Govt Scientist: It Could Take a Year to Vaccinate Whole of UK

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A member of the British government’s Scientific Advisory Group for Emergencies (Sage) has said that it could take a whole year to vaccinate the entire United Kingdom, adding that it is not known if the new vaccines will actually stop people from passing on Chinese coronavirus.

While Britons might have hoped that the recent approval and rollout of the Pfizer/BioNTech vaccine would have afforded them a return to normal by Spring, SAGE’s Sir Jeremy Farrar and Professor Tim Cook, an intensive care medical consult from the University of Bristol, penned a warning to the contrary in an article for the journal, Anaesthesia.

“The scale of the vaccination programme should not be underestimated: 1,000 vaccination centres each vaccinating 500 people a day for five days a week, without interruptions of supply or delivery, would take almost a year to provide two doses to the UK population,” Sir Jeremy and Professor Cook wrote, according to The Mirror.

Not only could it take a year to vaccinate the country, but the injections may only be good enough at stopping people becoming very ill, not stopping them from being contagious, which could lead to the UK suffering under continued social distancing and periodic lockdowns for the foreseeable future.

The authors said the first vaccines produced “may be more effective in preventing disease progression and hospitalisation and less effective in preventing transmission”, adding that further “nasally administered vaccines or adjuncts” might be needed to achieve a “sterilising immunity” state.

Vaccines will not be “a final solution to Covid-19”, the scientists said, adding: “This is now a human endemic infection, which will not disappear, and like all infectious diseases, we will need to learn to mitigate its impact through adapting our behaviour and access to diagnostics, treatments and vaccines.”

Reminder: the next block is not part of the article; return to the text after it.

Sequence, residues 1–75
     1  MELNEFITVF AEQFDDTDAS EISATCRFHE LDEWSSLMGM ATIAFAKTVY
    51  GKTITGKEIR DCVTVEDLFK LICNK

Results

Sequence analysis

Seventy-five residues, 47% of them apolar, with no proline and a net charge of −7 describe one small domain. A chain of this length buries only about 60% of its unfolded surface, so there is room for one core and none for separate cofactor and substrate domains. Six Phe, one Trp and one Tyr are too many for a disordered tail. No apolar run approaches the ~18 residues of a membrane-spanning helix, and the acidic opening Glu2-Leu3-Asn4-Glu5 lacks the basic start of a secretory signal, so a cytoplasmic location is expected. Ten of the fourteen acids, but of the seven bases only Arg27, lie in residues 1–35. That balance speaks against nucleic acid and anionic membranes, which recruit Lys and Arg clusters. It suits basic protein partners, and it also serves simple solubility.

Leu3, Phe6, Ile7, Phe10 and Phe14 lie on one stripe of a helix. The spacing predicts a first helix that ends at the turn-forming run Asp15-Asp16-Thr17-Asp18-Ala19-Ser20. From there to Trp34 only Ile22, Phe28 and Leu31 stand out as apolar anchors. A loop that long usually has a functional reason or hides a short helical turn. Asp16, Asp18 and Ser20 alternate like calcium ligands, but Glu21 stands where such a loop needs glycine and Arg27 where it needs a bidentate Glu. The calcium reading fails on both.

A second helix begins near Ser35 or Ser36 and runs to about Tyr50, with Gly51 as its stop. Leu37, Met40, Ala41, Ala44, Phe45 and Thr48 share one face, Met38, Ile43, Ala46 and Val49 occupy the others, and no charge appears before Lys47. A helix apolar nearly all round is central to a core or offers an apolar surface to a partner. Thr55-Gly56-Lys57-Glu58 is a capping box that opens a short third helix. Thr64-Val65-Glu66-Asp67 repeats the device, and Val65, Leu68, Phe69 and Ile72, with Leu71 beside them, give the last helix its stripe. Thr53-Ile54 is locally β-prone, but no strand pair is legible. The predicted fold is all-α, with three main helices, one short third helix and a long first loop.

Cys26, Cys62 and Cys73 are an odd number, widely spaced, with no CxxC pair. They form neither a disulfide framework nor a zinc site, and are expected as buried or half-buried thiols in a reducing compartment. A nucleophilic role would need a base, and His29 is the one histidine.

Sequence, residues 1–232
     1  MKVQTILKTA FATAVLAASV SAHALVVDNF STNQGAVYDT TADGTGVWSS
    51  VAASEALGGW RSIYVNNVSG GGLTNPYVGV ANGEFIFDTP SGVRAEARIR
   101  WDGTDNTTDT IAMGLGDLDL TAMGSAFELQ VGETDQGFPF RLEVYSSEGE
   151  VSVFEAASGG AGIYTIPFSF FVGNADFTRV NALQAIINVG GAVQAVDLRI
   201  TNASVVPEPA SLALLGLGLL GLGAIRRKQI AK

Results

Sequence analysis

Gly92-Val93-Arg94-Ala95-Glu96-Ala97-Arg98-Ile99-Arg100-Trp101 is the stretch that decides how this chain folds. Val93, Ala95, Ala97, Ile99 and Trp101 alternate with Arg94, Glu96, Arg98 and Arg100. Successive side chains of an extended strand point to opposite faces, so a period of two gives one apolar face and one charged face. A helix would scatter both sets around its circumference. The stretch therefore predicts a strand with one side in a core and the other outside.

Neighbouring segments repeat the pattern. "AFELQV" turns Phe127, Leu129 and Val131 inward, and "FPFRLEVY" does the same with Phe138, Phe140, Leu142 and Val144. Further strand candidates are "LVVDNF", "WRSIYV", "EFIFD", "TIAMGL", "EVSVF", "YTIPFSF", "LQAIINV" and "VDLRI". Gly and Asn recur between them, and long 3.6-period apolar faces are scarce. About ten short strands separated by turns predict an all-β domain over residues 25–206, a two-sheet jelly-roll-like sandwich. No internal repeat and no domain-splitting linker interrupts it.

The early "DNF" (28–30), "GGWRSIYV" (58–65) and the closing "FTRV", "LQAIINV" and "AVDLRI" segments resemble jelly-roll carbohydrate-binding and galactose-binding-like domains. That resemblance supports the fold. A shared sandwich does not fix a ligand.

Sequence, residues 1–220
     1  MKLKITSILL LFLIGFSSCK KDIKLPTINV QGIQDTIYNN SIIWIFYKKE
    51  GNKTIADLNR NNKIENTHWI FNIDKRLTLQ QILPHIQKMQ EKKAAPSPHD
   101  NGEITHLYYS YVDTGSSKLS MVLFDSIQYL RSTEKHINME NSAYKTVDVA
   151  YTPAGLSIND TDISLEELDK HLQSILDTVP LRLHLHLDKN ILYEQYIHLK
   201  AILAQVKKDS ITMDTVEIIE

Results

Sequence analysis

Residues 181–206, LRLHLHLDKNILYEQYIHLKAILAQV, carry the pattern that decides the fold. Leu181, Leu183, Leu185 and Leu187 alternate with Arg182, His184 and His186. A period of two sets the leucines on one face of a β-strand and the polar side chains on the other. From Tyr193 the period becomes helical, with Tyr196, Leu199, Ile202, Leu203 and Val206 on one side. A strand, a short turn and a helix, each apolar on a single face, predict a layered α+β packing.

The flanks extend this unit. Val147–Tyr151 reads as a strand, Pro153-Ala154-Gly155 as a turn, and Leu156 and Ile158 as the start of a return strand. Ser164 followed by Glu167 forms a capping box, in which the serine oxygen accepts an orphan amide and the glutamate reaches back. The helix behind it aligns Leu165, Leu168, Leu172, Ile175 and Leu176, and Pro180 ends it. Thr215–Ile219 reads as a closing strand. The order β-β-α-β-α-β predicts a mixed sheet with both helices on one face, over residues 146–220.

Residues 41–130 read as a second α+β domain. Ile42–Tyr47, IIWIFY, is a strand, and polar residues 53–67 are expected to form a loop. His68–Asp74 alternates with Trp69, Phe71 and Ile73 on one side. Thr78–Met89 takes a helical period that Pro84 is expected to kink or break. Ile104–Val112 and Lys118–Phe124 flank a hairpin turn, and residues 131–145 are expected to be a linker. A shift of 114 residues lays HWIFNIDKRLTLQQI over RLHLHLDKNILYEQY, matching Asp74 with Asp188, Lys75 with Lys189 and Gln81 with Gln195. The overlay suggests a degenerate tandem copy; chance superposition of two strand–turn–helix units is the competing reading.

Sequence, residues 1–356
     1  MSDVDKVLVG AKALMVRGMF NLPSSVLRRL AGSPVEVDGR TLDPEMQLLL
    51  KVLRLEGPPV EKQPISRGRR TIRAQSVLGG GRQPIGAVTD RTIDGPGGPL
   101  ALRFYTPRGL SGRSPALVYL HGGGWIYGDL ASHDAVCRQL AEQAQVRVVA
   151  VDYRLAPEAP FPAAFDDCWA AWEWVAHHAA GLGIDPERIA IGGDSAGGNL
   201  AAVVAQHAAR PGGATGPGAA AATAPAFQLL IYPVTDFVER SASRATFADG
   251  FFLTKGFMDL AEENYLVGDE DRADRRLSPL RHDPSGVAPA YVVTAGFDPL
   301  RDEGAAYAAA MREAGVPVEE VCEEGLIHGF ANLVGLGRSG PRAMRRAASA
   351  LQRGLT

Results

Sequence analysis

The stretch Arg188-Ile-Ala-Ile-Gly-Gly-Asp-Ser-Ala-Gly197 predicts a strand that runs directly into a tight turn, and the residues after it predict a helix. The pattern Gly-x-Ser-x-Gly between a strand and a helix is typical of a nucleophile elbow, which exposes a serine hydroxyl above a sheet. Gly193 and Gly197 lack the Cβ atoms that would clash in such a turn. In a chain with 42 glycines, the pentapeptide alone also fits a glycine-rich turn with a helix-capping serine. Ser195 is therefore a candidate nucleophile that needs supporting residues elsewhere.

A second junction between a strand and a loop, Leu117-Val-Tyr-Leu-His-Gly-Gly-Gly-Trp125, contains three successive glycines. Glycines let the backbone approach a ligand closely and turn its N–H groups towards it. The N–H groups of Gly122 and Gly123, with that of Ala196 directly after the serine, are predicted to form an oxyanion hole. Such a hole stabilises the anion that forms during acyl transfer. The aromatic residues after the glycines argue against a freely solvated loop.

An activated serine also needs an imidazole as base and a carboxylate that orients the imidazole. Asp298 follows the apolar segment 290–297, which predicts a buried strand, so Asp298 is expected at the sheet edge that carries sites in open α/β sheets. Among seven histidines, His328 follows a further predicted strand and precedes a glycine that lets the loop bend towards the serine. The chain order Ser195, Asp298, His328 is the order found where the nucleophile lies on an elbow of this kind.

Just last week, the country’s chief scientific advisor Sir Patrick Vallance said that Britons, post-vaccine rollout, would still have to wear masks and socially distance long into 2021.

“It may be that next winter, even with vaccination, we need measures like masks in place — we don’t know yet how good all the vaccines are going to be at preventing the transmission of the virus,” Sir Patrick told Sky News.

Last month, Vallance said that even with the development of successful vaccines, viruses mutate “and other forms arise that would require new vaccines in due course. So I don’t think it is the case that the vaccines we have now will be the ones we have forever, we may have to get new ones.”

Health Secretary Matt Hancock told the House of Commons on Monday that a “new variant” of the Chinese coronavirus had been found in the UK, which may have contributed to a rise in cases in the south-east of England, but said “there is currently nothing to suggest that this variant is more likely to cause serious disease”.

The minister also added that “it’s highly unlikely this mutation would fail to respond to a vaccine”.

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